The title of Wyatt Prunty?s poem, ?Elderly Lady Crossing on

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The title of Wyatt Prunty?s poem, ?Elderly Lady Crossing on Green?, describes the experience of a revengeful speaker. He tells how you should not to help that little old lady to cross the street. Then, he goes on to explain himself by saying that she used to be a nasty person who drove her car without any consideration for the pedestrians. In fact, she ?would have run you flat as paint / To make the light before it turned on her.? Finally, the speaker shows explains the woman?s horrible personality by saying that she has been lonely and unloved all of her life.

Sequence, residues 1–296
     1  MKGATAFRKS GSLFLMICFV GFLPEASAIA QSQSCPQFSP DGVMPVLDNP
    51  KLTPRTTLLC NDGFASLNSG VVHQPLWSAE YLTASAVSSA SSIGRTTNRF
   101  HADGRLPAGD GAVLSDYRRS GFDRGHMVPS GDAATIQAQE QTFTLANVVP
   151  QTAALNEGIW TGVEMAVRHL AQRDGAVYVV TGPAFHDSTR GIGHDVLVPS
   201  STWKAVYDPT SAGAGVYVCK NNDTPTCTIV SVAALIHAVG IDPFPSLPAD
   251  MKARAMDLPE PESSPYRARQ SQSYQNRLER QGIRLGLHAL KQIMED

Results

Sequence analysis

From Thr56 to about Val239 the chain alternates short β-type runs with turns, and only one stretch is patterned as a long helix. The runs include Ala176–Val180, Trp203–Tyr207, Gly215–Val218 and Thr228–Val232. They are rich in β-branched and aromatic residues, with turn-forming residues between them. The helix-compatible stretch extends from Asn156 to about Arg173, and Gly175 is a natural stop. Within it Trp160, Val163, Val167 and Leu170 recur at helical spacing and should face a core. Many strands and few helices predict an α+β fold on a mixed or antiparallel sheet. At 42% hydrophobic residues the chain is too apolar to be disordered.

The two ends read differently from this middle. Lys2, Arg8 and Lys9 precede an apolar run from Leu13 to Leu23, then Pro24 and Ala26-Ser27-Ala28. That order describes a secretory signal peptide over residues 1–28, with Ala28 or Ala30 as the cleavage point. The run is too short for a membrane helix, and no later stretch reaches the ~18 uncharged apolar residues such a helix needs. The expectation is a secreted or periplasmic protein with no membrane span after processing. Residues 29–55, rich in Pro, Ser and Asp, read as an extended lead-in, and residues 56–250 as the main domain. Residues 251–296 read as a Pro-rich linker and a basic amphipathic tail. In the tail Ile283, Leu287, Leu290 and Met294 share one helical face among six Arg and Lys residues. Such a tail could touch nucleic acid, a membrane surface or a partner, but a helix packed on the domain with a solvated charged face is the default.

In keeping with the speaker?s revengeful tone, the diction Prunty uses is related to these ideas of the old woman?s cruelty, because such words connote the speaker?s strong opinion of how horrible and low the old lady is. Rhyme, imagery, and point of view produce this effect. In the second stanza, the speaker describes the old woman?s viciousness in detail: She drove a loaded V8 poweglide And would have run you flat as paint To make the light before it turned on her, Make it as she watched you faint The ?loaded V8 powerglide? that the lady drove is a symbol of her viciousness. The word ?powerglide? gives the reader the sensation of a racecar while the word ?loaded? reminds the reader of a gun. In fact, she uses her car to purposefully scare or hurt people. She makes people ?flat as paint? or ?blown out like trash?(line 12). These similes show that she has no consideration for others. Later, in the third stanza, the metaphor of how she made you ?jaywalk to eternity? supported this idea. She did these things watching the pedestrians (?as she watched you faint?, ?eyes locking you down?(line 9)), which reveals that she inflicted pain on others purposefully. The onomatopoeia in the last stanza ?she?s done a million times before? supports this by saying that this type of behavior wasn?t an accident for her; it was a daily event. The final metaphor in the last stanza (?she?s a small tug on the tidal swell?)...
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